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Banque Syz eyes move into Asia wealth

Added 30th March 2015

An acute talent shortage has been a bottleneck for both asset and wealth management expansion in the region, said Eric Syz, group chief executive officer, in an interview with FSA.

Banque Syz eyes move into Asia wealth
The firm has been distributing its products in Asia, and key markets are Taiwan, Korea, Singapore and Hong Kong. Syz (pronounced "Sits") said his firm's strengths in Asia are European equities, bonds and long-short products as well as multi asset vehicles. 
The bank's asset management unit wants to expand its regional presence and is also in talks with fund houses in China. 
"The only way to sell into China is with a white label product. We are in discussions with several local counterparties who themselves are a brand in China and are looking for certain expertise."
On the wealth management side, the bank is interested in Asia's private client base, specifically individuals with assets worth at least $25m who are seeking diversification. 
"The next bridgehead might be offering what we do on the wealth side to new Asian clients. The intention is not to open a bank, but to establish a front office with a few very senior RMs to advise clients and help them form an investment strategy. The mandates would be executed in Europe.
"When clients reach a certain degree of wealth, they want to diversify their asset base and that is often to stable and secure jurisdictions such as Switzerland or the US.
"We want to cater to those clients, but they want to be served locally and not have people flying in from Switzerland."
However, he said a talent shortage exists in Asia and finding experienced relationship managers has been an ongoing challenge. 
"It's very hard to find talented people [in Asia]. We are still actively looking and the search has been going on for a while. Even on the asset management side, we are still hiring a team," he said.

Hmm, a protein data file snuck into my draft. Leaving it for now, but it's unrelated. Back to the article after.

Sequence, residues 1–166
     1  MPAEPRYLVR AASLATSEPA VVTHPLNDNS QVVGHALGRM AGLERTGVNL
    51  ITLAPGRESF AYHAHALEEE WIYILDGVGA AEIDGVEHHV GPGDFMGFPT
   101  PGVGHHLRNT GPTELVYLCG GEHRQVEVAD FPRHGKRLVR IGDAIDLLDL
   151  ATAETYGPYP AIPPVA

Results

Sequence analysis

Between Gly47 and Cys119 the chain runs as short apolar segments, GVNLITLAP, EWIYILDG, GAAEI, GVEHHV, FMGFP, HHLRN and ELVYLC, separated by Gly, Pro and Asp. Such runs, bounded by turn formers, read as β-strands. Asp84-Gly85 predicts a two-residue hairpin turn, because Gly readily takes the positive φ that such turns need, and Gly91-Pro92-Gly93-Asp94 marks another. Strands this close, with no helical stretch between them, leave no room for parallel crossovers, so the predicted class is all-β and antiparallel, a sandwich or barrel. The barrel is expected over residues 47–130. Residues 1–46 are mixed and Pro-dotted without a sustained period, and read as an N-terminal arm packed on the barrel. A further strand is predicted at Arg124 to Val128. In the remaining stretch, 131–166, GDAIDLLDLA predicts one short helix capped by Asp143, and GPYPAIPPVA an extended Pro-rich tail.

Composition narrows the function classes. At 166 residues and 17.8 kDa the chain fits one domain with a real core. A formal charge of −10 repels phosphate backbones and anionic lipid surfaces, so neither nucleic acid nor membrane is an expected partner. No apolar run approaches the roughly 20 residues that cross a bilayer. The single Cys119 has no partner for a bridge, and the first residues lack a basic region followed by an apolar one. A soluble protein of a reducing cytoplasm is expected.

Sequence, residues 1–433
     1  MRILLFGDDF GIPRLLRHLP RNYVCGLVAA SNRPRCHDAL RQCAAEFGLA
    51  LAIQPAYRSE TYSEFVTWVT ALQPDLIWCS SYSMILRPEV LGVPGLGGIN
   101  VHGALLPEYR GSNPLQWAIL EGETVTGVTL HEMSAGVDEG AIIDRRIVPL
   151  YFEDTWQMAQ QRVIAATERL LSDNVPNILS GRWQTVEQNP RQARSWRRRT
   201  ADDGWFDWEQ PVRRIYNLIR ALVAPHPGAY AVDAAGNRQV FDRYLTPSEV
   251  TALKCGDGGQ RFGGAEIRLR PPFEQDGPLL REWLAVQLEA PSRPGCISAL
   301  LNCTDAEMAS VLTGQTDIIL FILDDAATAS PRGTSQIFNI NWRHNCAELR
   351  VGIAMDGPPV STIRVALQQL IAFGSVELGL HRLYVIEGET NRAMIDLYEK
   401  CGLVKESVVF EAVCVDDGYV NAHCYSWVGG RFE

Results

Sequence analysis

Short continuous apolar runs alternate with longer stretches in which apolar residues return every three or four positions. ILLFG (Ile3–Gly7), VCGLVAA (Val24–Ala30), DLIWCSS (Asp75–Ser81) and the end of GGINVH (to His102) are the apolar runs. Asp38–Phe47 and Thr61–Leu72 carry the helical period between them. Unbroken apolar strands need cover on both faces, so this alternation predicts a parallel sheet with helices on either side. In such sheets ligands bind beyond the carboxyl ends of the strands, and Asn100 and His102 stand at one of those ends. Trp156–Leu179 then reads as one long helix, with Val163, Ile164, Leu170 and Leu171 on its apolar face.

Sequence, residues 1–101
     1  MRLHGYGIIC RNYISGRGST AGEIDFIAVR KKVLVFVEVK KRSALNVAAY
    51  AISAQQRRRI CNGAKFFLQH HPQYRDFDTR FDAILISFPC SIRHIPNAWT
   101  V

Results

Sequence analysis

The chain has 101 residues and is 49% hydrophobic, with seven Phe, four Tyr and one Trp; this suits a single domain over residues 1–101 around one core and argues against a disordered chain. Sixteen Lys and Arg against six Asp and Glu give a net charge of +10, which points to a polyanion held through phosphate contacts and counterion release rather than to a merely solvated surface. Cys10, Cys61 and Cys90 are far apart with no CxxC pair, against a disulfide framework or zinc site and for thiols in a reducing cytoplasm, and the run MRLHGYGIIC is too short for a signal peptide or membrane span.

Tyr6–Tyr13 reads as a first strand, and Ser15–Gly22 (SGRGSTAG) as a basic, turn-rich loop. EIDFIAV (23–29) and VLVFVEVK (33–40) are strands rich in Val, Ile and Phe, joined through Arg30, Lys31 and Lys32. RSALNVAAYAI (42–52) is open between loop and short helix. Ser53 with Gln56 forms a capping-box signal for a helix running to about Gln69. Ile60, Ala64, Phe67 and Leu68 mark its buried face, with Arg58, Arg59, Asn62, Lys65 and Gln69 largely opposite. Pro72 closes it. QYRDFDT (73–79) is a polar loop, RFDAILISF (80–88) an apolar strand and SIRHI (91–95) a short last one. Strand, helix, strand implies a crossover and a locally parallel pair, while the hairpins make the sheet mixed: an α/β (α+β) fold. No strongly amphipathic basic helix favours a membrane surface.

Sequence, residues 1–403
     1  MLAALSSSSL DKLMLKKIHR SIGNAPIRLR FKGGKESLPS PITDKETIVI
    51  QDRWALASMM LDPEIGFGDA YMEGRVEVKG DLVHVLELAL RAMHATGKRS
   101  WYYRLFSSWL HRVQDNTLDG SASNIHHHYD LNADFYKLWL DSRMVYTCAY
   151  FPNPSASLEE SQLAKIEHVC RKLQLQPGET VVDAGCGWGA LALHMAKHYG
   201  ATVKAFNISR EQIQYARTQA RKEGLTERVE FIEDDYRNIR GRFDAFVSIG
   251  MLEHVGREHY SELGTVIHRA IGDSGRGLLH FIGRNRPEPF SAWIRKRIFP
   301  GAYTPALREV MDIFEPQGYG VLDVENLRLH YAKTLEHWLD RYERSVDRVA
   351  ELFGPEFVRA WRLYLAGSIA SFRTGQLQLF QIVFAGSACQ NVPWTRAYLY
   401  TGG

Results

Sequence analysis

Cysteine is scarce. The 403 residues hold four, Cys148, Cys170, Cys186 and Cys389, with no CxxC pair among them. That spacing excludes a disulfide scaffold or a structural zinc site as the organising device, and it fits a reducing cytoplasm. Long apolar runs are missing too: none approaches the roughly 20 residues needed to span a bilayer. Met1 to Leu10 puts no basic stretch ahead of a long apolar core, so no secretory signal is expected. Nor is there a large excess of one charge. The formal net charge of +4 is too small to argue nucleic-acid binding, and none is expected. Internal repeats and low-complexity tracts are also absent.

Era of the stock picker

The low interest rate environment has created conditions that make stock pickers more likely to reap desired returns than ETFs, he said. 
"You had to be in ETFs from 1982 onwards, when the Dow Jones went from 800 to 18000. If you were long the index, you didn't worry about stock picking. Going forward it's going to be much different as interest rates will remain low for a long time.
"Why did PIMCO grow so big? Basically they had one trade: long the long bond. Thirty years ago, the long bond was yielding 16% and they rode that wave down to 2%. That was an easy trade, but now it's a different story and where is PIMCO going to go now? There will be tough choices on where to allocate."
Interest rates can't go much lower and will likely stay where they are for a long time, he said. The US and European economies have to show sustainable growth before their key market indices can do the same.
The US will grow if there is heavy investment in infrastructure, which so far hasn't happened, he said. Europe needs labour market deregulation to grow above 1-1.5%. 
"I don't see [economic growth] happening quickly. It will be a volatile period, so you've to be a stock picker."

The benefits of asset management

Banque Syz has both wealth management and asset management under one roof, a business model that Syz believes is crucial because the two "are interwound".
"To be good at wealth management, you have to have an asset management business. Private clients have a decision-making process often dominated by emotions that are detrimental to the investment process.
"They are often euphoric when investments go well and negative when they go badly. That's pro-cyclical, not counter-cyclical, which has a negative impact on the portfolio. An asset management business provides a disciplined approach and resists emotional decision making."

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